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Everything you need to know about the upcoming OPEC meeting

OPEC’s next meeting is scheduled for this upcoming Thursday, November 30th. While the meeting itself is expected to go smoothly, OPEC’s impact has been waning since Russia joined the conversation late last year (see also “Putin Crowns Himself OPEC King“). TankerTrackers is looking for an extension of the relatively successful production cuts that were implemented November 30th of last year, potentially with more nations added to the deal. Money managers have not forgotten the last meeting (25 May 2017) in which the prudent move was to buy the rumor and sell the news.

As of Friday’s close, WTI ended the week +4.0% and Brent finished +1.8%.

Conflicting 2018 forecasts

In their Oil Market Report released earlier this month, the International Energy Agency (IEA) lowered its demand forecast for this year and next. Opposingly, OPEC’s forecast for 2018 was adjusted higher in their November Monthly Oil Market Report. Obviously only one of these predictions can be correct – but one can’t help but wonder – with the political machinations going on in Saudi Arabia – if OPEC’s forecast is somewhat biased.

Systemically low volatility has subjugated oil markets

In spite of the upcoming meeting and unrest in the middle east, oil vol has been steadily ticking down since the middle of the year and is currently at lows not sustained since 2014. Pictured below are the constant maturity volatilities for 7, 14, and 30 day ATM options:

Upcoming options expirations offer unique precision to play the meeting

LO1Z7 expires Dec 1st (underlying CLF8)
LO2Z7 expires Dec 8th (underlying CLF8)
LOF8 expires Dec 14th (underlying CLF8)

Open interest and max pain

Max pain prices are unsurprisingly strictly decreasing. For more information on max pain login to QuikStrike and go to “Market Reports” –> “OI – Max Pain” –> “What is Max Pain?” (in the upper right hand corner).

QuikVol is now included in QuikStrike

QuikStrike subscriptions – paid or free – now come with basic access to QuikVol, our platform for advanced volatility comparisons. You’ll now be able to view 1-month of data for active expirations, historical contracts, and constant maturity securities.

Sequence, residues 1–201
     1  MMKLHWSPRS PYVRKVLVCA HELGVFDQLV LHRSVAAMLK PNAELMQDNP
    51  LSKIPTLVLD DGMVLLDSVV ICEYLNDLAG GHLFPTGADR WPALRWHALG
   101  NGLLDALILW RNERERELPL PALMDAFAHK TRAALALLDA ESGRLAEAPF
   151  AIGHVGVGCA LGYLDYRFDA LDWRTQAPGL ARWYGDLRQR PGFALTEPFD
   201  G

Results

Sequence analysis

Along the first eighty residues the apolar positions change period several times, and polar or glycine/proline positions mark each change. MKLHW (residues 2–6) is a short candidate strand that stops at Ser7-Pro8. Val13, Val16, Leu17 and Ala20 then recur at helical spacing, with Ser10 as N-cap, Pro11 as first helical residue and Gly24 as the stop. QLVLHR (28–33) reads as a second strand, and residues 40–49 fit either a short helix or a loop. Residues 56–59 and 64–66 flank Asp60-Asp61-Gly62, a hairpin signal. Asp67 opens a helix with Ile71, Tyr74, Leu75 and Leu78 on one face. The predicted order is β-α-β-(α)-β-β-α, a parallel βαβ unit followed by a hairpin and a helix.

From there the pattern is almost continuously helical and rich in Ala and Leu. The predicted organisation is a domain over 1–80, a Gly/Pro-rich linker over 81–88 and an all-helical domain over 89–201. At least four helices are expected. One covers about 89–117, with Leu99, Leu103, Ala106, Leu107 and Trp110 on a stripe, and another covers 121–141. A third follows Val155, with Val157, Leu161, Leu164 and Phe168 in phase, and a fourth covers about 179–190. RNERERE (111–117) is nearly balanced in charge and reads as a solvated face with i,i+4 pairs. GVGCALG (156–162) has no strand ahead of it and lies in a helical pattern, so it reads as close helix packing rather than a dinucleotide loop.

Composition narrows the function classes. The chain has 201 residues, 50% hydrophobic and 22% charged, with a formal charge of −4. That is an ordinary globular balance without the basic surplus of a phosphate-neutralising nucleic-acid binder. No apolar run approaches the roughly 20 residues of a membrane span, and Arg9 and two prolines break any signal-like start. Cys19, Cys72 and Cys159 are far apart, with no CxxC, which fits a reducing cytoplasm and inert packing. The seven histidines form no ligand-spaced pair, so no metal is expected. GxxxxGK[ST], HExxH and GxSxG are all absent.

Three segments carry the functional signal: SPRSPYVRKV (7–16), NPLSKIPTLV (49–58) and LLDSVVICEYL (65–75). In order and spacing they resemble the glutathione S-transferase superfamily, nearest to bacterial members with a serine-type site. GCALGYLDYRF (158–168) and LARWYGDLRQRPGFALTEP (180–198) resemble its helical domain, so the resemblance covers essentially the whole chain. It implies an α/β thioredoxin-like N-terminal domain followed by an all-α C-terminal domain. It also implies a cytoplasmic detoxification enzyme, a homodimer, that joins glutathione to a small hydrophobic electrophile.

To check it out, login to QuikStrike as you normally would and then click on QuikVol in the upper left hand corner. The interface is the same as QuikStrike; you’ll still have access to your QuikMenu and shortcuts, and you’ll select contracts, views, report options, etc. the same way you do in QuikStrike.

 

Available Views

From QuikVol home you can select one of the following:

  • Active Expirations – analytics for currently trading contracts.
  • Historical Expirations – analytics for expired/historical contracts (active expirations are also available for seasonal comparisons).
  • Constant Maturity – ATM and delta-based skew analytics for constant maturity estimations.
  • Volatility Cones – an aggregation of historical volatilities with which to compare current levels.

Let us know if you have any questions.

Cross Asset Class Volatility Update

In the last few weeks volatility has returned to financial headlines with a vengeance leaving traders checking under their beds for asset bubbles and causing “panic” when VIX traded with a 17-handle for the first time since November 2016. So what’s really playing out in markets?

* note that the volatilities shown are calculated using industry standards based on the type of asset; for example, absolute levels cannot be compared between rates and metals.

Rates

In rates space historical volatility (orange) has picked up but implieds (blue) are lackadaisical. FV/5-yr, TY/10-yr, and US/bond, 30-day constant maturity series are shown respectively below:

 

Here’s a longer dated TY history:

Metals

Gold vol has actually found a bid (with silver and palladium following suit):

While platinum, thus far, is flat:

Energy

Natural Gas implied volatility is the lowest it’s been since 2014:

Although oil is off the lows of the year:

Ags

Vol has come back down in grains after an exciting month although wheat could be picking up again:

Equities

And last but not least, E-mini S&P500 vol has caught a bid:

For a little perspective of where we are currently, here’s a 5-year history of a few constant maturity series:

Like all things, low vol environments eventually come to an end, but low vol by itself doesn’t “trigger”  eruptions. Claiming that vol can uptick ahead of an event isn’t exactly going out on a limb. But I’m sure they’ll tell you they told you so next week.